A Good Diet Can Overcome Bad Genes

Staff Reports

healthy eatingJust because your father had high triglycerides and so did his father does not mean you are destined to suffer the same fate, especially if you watch what you eat. So says researchers at the University of Illinois. They have confirmed the theory that a good diet can overcome bad genes.

Studying the effect of diet on disease, scientists found that while genetics may put a person at risk of high triglycerides, maintaining a healthy body weight or making dietary changes can be helpful in reducing that risk. The findings were reported recently in the Journal of Nutrigenetics and Nutrigenomics.

Triglycerides are a type of fat in the blood that are important for good health. The trouble comes when the triglyceride level is too high as it puts someone at an increased risk of heart disease. High triglycerides may also be a sign of metabolic syndrome, which is a combination of high blood pressure, high blood sugar and too much fat around the waist. Metabolic syndrome puts people at a higher risk of heart disease, diabetes and stroke.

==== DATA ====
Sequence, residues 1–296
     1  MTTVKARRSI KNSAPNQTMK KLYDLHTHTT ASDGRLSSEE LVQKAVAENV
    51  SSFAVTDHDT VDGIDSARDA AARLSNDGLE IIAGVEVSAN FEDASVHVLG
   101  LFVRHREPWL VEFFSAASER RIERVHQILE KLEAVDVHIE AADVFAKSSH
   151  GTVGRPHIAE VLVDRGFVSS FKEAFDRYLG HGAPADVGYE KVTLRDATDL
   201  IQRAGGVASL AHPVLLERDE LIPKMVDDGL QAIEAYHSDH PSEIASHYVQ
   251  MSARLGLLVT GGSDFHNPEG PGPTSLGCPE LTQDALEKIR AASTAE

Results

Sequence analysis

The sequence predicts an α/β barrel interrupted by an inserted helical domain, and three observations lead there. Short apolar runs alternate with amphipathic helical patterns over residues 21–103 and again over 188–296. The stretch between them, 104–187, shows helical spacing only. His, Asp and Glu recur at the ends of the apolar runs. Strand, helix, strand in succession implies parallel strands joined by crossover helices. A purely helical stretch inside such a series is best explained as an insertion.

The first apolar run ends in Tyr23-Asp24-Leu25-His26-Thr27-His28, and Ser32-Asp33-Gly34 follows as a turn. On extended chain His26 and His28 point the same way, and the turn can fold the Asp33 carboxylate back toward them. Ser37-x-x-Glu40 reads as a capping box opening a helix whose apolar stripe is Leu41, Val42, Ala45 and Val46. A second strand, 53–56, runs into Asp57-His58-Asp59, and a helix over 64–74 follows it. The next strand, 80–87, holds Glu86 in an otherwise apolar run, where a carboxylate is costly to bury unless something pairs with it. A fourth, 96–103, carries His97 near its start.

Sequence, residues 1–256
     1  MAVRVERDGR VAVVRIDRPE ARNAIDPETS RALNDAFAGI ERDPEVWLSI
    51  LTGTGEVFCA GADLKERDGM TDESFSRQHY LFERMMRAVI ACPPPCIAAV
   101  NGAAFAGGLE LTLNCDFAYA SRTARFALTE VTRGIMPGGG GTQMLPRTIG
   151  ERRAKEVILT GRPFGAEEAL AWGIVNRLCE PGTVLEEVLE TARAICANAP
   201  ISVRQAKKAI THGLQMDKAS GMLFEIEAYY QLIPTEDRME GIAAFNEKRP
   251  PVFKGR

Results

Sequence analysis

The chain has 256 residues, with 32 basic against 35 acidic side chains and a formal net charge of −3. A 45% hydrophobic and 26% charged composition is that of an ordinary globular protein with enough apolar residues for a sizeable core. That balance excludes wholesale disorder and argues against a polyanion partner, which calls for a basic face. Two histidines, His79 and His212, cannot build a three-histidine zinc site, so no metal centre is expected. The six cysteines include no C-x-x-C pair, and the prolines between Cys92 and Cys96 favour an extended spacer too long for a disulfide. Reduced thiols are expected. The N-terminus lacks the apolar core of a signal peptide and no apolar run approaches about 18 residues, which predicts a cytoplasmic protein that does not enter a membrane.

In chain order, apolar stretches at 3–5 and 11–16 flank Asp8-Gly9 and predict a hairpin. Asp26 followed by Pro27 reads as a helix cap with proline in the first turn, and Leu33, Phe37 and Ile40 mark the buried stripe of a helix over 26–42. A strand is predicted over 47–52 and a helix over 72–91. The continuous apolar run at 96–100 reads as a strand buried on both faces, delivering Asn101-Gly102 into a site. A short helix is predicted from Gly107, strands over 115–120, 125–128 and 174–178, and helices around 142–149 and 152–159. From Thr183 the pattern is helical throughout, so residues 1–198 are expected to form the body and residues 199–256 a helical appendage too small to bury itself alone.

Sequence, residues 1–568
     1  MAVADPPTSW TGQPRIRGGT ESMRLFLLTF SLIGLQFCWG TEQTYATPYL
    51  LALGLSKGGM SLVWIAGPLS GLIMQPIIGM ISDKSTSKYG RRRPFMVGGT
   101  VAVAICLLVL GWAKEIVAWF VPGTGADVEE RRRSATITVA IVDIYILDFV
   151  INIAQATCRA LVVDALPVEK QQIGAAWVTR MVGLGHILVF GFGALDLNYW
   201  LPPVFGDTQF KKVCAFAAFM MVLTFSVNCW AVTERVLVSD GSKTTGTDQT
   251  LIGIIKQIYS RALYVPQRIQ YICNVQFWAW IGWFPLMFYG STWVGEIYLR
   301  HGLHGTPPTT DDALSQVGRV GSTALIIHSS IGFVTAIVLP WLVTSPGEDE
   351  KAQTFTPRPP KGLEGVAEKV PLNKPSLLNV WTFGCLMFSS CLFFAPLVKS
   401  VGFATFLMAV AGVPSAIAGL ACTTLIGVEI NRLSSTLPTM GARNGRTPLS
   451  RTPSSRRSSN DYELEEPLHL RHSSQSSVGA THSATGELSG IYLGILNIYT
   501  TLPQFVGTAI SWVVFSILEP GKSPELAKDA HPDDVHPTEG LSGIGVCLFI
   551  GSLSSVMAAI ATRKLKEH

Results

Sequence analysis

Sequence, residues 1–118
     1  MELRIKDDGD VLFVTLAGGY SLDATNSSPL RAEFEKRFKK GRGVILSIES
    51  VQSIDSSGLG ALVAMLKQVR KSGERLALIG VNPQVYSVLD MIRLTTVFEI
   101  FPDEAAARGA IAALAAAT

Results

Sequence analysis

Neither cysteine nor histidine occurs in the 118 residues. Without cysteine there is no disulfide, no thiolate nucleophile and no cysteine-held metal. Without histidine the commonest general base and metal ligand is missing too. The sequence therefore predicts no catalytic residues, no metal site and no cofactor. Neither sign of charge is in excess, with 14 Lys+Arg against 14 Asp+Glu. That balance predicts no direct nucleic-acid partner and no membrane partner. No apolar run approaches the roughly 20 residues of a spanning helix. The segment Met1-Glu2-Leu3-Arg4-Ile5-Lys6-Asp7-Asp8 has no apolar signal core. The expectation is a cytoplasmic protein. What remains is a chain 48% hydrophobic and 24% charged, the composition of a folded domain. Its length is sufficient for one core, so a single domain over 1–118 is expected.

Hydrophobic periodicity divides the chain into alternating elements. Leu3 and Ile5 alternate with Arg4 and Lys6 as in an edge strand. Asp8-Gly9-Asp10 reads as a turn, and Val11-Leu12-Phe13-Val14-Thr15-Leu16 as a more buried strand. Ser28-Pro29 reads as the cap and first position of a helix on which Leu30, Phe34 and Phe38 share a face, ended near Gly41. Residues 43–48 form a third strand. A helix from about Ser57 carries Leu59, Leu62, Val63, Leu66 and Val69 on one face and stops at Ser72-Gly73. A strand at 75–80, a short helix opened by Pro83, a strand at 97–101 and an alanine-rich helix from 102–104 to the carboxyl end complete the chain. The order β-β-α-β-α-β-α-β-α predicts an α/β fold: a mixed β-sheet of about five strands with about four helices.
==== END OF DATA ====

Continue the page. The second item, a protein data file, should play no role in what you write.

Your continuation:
Researchers wanted to understand more about individuals with what they called a “gene of interest” because they believed those with that particular gene are at a greater risk of developing high triglycerides. They studied those with the high-risk genotype and found those that had the highest body mass index (BMI) had the highest levels of triglycerides circulating. Additionally, those with higher carbohydrate intake, particularly in the form of sugar or sucrose, also had elevated triglycerides.

The findings also showed that maintaining a healthy body weight allowed individuals to overcome the influence of genes related to type 2 diabetes. "We know that genes aren't everything," said researcher Katie Robinson. "There are a lot of things we can do, behaviorally, to change our individual risk. It's a silver lining in our research. We can't modify our genetics, but we can modify our epigenomes and some behaviors. You can still have positive health outcomes."

Click here to read the report in the Journal of Nutrigenetics and Nutrigenomics

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